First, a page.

F(r)iction at Kona

Jor Bagh, Delhi


In February 2019, we transformed an empty set of shops and houses in New Delhi into an immersive walkthrough experience at a space called Kona in Jor Bagh, right next to our Lodhi Art District. The exhibition, called F(r)iction, invited the public to dig into the complexities of our lives entangled in dichotomies and cross pollination between technology, art and nature.

Tan Xi Zi Reveals Friction at Kona 2019 Pranav Gohil 6

Rampant use of technology is perhaps the most salient characteristic of the modern world. While technology is constantly evolving and has made it easier for us to function in life generally, increasingly it’s also being recognised for the harm it causes to our health - physical and mental, and the environment.

At F(r)iction, 17 Indian and international artists created site-specific installations, videos, interactive multimedia pieces and murals around the interaction and overlap amidst effects of technology, art, culture, and alternate realities to transform the venue of Kona in a parallel universe of ‘frictions and fictions’.

The exhibition was divided into two phases. The first phase aka the ‘A-typical Weekender’, made in partnership with and the generous support of the Singapore Tourism Board, showcased the best of Singaporean art from seven contemporary artists handpicked by Chan + Hori Contemporary’s curatorial director and partner, Khairuddin Hori.

The second phase, running from the 22nd of February 2019 till 10th March saw a host of new artists added to the lineup who further created experiences exploring the idea of the friction between humans, art and technology, and built fictions of a world we are in, and the future we are headed into.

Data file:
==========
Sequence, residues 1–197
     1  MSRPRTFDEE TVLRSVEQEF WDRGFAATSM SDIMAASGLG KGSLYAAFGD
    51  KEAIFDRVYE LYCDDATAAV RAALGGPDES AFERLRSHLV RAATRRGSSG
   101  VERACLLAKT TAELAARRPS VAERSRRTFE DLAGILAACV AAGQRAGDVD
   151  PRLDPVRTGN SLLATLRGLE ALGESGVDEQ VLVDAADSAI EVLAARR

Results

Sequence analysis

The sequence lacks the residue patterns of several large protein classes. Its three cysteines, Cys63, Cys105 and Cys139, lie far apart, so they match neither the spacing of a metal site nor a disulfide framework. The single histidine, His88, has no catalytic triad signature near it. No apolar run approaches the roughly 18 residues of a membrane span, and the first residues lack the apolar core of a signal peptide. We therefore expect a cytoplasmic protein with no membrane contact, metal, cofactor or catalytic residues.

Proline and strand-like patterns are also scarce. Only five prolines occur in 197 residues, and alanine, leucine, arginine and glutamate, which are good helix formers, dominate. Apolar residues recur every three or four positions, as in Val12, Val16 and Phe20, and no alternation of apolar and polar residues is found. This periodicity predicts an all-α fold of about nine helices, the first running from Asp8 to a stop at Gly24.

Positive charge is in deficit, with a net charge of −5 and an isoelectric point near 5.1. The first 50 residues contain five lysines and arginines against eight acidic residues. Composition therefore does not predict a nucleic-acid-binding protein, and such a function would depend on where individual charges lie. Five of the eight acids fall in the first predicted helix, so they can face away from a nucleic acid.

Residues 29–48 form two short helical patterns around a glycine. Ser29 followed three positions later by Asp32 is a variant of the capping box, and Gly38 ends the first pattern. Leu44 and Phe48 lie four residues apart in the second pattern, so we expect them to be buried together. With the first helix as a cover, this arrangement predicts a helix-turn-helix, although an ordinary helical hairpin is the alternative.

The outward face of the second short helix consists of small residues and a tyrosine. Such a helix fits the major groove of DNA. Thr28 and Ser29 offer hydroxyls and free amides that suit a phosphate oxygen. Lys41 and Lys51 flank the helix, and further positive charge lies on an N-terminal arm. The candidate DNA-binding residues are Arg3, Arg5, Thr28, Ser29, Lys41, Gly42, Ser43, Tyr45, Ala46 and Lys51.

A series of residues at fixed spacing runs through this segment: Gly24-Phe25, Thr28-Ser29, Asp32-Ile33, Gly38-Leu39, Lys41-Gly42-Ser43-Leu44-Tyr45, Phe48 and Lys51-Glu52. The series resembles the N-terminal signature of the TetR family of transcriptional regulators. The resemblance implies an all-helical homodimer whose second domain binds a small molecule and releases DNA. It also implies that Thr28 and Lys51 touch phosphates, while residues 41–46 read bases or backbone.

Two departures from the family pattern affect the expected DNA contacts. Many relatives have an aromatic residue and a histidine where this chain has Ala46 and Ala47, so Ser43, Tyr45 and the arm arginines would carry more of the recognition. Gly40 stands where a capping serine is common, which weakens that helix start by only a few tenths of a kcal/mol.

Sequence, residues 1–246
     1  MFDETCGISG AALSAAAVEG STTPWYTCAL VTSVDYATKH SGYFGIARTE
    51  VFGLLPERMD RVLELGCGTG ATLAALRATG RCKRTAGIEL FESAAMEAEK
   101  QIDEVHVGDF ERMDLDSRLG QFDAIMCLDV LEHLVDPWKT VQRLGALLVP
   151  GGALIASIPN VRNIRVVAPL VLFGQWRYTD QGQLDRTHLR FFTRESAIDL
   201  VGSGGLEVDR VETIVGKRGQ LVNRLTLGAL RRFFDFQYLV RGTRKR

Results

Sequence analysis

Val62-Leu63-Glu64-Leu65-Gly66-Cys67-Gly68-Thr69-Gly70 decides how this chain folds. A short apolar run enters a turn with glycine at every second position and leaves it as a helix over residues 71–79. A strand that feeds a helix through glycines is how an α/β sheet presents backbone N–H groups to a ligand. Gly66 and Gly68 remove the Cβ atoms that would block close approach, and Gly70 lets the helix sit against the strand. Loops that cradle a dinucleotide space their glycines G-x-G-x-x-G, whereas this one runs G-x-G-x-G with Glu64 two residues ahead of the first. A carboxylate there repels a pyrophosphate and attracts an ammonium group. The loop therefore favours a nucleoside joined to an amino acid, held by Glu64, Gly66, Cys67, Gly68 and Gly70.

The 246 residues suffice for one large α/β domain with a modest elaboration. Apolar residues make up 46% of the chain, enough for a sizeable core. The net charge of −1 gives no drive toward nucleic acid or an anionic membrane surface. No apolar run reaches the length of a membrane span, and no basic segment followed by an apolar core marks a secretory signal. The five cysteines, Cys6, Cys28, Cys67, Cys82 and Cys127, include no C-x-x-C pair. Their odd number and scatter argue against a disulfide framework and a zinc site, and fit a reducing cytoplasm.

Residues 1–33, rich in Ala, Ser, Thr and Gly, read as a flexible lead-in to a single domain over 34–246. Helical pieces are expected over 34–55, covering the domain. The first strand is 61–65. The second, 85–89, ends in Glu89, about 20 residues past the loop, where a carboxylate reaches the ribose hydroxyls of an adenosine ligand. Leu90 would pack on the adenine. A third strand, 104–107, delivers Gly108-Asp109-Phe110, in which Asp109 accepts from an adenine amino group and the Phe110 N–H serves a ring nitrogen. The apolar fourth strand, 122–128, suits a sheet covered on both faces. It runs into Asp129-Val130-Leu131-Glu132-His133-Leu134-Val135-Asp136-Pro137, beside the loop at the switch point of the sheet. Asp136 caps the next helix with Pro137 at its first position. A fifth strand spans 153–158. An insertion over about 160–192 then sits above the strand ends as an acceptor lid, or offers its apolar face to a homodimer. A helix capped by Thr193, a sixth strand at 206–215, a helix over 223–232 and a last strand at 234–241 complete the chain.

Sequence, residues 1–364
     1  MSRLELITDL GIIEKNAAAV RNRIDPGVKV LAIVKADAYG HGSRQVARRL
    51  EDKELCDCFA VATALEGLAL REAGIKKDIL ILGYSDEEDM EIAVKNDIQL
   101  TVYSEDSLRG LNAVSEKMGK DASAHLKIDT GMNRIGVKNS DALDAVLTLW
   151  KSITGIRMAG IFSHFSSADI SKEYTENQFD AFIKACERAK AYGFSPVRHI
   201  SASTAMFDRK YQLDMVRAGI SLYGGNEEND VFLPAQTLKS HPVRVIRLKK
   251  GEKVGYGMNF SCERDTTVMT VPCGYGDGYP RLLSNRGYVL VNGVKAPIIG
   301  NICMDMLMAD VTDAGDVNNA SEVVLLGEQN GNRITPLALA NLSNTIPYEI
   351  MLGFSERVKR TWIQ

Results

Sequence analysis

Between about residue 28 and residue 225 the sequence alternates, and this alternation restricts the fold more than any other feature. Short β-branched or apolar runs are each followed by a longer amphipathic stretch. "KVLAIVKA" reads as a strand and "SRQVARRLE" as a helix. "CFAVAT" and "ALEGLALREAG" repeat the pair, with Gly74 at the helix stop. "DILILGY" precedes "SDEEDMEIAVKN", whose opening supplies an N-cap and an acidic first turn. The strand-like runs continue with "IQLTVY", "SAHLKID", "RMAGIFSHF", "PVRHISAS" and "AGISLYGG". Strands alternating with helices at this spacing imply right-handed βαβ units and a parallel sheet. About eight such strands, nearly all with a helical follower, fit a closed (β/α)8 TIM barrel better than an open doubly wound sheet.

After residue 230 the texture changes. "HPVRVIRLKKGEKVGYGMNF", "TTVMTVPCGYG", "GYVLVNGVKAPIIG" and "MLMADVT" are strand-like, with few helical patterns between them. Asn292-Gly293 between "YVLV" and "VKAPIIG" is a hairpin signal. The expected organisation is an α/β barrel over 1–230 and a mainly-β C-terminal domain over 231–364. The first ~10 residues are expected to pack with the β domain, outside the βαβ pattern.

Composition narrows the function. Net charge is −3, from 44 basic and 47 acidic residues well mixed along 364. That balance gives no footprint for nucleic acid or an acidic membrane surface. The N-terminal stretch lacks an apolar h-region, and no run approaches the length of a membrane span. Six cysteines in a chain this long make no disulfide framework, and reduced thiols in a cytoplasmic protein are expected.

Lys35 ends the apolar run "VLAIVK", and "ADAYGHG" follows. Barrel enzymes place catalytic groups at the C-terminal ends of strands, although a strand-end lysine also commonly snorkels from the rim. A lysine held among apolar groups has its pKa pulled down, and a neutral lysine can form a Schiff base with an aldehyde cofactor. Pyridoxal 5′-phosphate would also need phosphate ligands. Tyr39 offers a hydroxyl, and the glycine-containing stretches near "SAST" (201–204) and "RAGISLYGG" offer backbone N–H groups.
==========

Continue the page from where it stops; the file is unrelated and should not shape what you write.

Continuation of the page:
Upon visiting Kona, visitors were first greeted by the open-to-multiple-interpretations work of Dutch artist Daan Botlek. In his signature style, the human figure was at the heart of Daan’s work, and as always he made it a point to not ascribe a particular interpretation to his piece.

Placed at the center of the “good vs. bad” debate perennially, the Internet nonetheless plays a fairly important part in our lives today. As its usage continues to grow and reach corners which were previously inaccessible, one is bound to take stock of its effects on us, as a population and our culture. Using the easy accessibility it provides us as a starting point, several artists at F(r)iction engaged with the ramifications of living in an increasingly digital world.

While engaging with the Internet thematically, it’s hard not to ponder over one of its most important subsets - social media. Courtesy social media, today the world is more connected than at any other point in history. But what kind of bearing do virtual connections have on interpersonal relationships? This line of thought formed the basis of another set of experiential works at Kona which looked at the impact of social media on our daily conduct, and life at large.

In an increasingly connected world, where the concepts of globalisation, industralisation and urbanisation form a major chunk of most headlines today, artists also delved in to engage with what gets left behind in their wake. Dealing with the realities of climate change, loss of cultural heritage, and harm caused in the name of development, their pieces invited visitors to experience the artists’ perspectives on the cross pollination amongst art, culture and technology.

Artists NeSpoon and Tellas created installations with a focus on the increasing number of pleasant encounters we can now access because of technology. Their works immersed visitors in experiences that sparked joy and allowed for a positive interpretation of change.

With several thought-provoking takes on the interaction amongst many almost-omnipresent elements today i.e. technology in conversation with art and culture, F(r)iction culminated with an abstract composition created by the Indian artist duo of Do & Khatra.